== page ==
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Last year's filibuster was just the beginning...
June 20, 2014 2:03 PM   Subscribe

Fight Back Texas: An oral history of the fight for abortion rights in Texas.

Previously. Previously.
posted by donajo (9 comments total) 13 users marked this as a favorite

 
I knew that there weren't many abortion providers in Texas, and many of those would shut down with HB 2, but the map of locations is frightening. Texas is HUGE, but the population spread was decently well served by those locations, at least according to this information ("In 2011, 93% of Texas counties had no abortion clinic. 35% of Texas women lived in these counties"). The percentage of counties is really high, but the percentage of women in the counties with abortion clinics was significantly higher than all the neighboring states.
posted by filthy light thief at 2:43 PM on June 20


For those who are interested, this is the #1 state closest to abolishing abortion.

• In 2011, 99% of Mississippi counties had no abortion clinic. 91% of Mississippi women lived in these counties.

One clinic left and it's trying to stay open. A US district court blocked the implementation of the law that would close the clinic, it's currently in the 5th circuit.
posted by Talez at 2:57 PM on June 20 [2 favorites]


From my point of view, it's a lot scarier in Texas, because you can get to an adjacent state, and another abortion clinic, within a few hours from most places in Mississippi. That isn't the case if you're traveling from the southern parts of Texas. Which is not to say that Mississippi's attempted laws are OK, but that Texas is significant in a number of ways.
posted by filthy light thief at 3:12 PM on June 20 [2 favorites]


i had an idea of the outline of what had happened here. but it was sort of the "previously on last weeks episode of..." version.

there's plenty of stuff in here though that made my jaw drop, like

Sen. Leticia Van De Putte:When I said, “At what point must a female senator raise her hand or her voice to be heard over the male colleagues in the room,” it was out of pure anger and frustration. I raised my hand. I spoke out, and the gallery heard me. The press table heard me. But my mic was purposefully turned off — as I learned later, all the Democrats mics were turned off.

How the fuck is that even legal? how is that not against some hard and fast rules of the legislature?

It sounds like the exact kind of thing republicans would be frothing at the mouth over as an obstruction of democracy and denial of rights if it happened to them.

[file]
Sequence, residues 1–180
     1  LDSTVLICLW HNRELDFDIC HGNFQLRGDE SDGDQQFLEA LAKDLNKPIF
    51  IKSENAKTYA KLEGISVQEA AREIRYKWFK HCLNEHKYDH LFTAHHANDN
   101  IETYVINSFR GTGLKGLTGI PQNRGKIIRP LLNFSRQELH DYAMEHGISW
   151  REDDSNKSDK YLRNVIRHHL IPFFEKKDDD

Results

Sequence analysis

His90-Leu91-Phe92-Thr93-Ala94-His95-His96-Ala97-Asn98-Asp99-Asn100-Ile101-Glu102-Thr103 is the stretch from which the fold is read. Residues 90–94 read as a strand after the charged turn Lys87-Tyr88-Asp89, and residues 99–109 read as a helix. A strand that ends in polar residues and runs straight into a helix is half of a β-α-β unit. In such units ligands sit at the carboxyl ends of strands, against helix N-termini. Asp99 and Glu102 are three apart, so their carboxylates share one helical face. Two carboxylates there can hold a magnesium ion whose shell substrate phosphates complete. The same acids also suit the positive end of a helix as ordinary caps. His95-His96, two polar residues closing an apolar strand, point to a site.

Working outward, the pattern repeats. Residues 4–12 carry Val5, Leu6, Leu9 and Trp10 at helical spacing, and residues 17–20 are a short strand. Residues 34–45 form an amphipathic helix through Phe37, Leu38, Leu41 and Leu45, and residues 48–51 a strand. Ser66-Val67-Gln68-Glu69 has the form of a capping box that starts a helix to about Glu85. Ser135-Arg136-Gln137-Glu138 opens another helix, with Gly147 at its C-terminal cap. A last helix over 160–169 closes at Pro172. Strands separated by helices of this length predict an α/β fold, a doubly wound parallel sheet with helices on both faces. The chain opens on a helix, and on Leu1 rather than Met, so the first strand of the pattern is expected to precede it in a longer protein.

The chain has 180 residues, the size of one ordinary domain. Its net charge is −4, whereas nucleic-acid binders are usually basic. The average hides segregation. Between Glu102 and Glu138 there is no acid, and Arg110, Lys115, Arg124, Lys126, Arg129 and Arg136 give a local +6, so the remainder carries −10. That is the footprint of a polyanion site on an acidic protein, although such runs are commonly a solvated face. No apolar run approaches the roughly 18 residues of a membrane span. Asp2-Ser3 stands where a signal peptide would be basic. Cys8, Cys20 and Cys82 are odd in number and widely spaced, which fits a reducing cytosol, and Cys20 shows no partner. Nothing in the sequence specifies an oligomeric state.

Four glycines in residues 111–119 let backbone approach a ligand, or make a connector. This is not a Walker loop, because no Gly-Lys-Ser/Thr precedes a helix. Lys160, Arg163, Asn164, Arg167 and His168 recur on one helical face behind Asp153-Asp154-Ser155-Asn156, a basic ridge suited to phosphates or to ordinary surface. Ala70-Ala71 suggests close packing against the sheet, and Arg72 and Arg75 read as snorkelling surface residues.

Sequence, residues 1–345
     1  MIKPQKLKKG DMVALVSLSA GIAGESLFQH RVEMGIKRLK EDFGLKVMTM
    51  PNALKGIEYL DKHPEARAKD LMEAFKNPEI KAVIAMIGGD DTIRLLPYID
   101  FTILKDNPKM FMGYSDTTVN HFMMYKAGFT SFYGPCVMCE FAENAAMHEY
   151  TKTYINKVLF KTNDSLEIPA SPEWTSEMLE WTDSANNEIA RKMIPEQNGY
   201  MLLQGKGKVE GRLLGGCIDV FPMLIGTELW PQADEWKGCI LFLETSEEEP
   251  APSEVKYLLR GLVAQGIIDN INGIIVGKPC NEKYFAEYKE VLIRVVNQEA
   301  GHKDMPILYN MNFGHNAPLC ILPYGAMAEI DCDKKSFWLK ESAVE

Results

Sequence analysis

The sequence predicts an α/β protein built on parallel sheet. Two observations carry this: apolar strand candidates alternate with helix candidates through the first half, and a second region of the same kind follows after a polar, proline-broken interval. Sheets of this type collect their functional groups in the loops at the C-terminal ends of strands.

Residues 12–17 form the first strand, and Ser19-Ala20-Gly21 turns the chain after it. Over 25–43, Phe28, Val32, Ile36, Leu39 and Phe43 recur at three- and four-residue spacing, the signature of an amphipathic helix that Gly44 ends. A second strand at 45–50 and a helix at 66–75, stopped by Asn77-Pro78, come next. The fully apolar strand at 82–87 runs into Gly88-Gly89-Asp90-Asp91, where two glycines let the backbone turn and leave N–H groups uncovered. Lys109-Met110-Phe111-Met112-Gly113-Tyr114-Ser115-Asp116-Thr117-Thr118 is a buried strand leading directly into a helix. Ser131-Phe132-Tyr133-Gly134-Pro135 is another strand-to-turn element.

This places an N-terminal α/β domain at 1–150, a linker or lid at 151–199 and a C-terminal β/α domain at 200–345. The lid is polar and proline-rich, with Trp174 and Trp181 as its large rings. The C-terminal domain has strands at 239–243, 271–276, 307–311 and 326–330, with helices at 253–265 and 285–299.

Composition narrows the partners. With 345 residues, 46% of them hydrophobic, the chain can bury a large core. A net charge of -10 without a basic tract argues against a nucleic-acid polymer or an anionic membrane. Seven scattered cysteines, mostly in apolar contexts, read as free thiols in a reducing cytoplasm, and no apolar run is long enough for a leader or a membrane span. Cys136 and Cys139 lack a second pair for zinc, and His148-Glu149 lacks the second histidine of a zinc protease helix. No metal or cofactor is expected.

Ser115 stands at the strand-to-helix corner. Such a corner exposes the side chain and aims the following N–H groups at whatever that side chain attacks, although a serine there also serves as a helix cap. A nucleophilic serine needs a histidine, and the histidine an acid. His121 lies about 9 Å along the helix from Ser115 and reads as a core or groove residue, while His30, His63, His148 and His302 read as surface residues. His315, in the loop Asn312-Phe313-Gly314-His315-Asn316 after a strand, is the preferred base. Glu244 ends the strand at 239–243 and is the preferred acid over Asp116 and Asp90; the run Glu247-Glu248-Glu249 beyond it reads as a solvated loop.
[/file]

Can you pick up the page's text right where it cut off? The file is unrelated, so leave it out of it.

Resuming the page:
posted by emptythought at 4:27 PM on June 20 [8 favorites]


I'd contribute to a fund set up specifically to transport women to decent health providers outside of these (my term) wirehanger states... Sometimes I think it might be one of the more cost-efficient ways to support Choice and Women's Health.
posted by oneswellfoop at 4:52 PM on June 20


a map from 2013 showing distance to the nearest abortion clinic around America: The Daily Beast. Would be interesting to see it updated.

oneswellfoop, there actually are funds like that. Fund Abortion Now, a national group, and Fund Texas Women which was started after HB2 last year.
posted by the agents of KAOS at 5:26 PM on June 20 [3 favorites]


I'd contribute to a fund set up specifically to transport women to decent health providers outside of these (my term) wirehanger states... Sometimes I think it might be one of the more cost-efficient ways to support Choice and Women's Health.

I've thought of this too, and as per agents of KAOS' post above it exists. But my next question would be, how many states have residency requirements? Waiting requirements between the first and second appointment if there are any? etc.

It seems like to an extent, from things i've heard, that at least in some places they've thought of this and you're basically fucked at least in that state/area if you don't live near one of the still operational clinics even if you're coming in from another state.

Wouldn't bork the plan, but would probably make it involve flying a lot further.
posted by emptythought at 6:11 PM on June 20


It sounds like the exact kind of thing republicans would be frothing at the mouth over as an obstruction of democracy and denial of rights if it happened to them.

See also: every parliamentary decision made that night.

I was in the gallery of the Texas Senate the day of Davis's filibuster. I got there at about 4:00 PM that day, but it had been going on since 11:00 AM. I knew about the filibuster from watching the live feed earlier in the day and following the goings-on on Twitter. It was clear to me that this was going to be a "the whole world is watching" scenario, but I wasn't sure if the players in the senate knew that hundreds of thousands of people were watching online. It turns out they did - this past spring, I went to a panel at SXSW that included (then) Lt. Governor Dewhurst's press secretary, who confirmed that she was updating him throughout about the online reactions to the filibuster. He pulled that shit knowing full well that his actions were under scrutiny.

As Rep. Jessica Ferrar mentioned in the oral history, Dewhurst lost his primary bid this year, so he's out anyway. Leticia Van de Putte is running for lt. governor against his virtually-indistinguishable opponent, Dan Patrick, in November.
posted by donajo at 6:25 PM on June 20 [4 favorites]


I often wonder if Matt Stone and Trey Parker had any idea when they made "Team America: World Police" that a certain percentage of their audience would think of their theme song every fucking time they read about the cluster fuck that is American politics. Like this.
posted by [insert clever name here] at 10:26 PM on June 20 [1 favorite]


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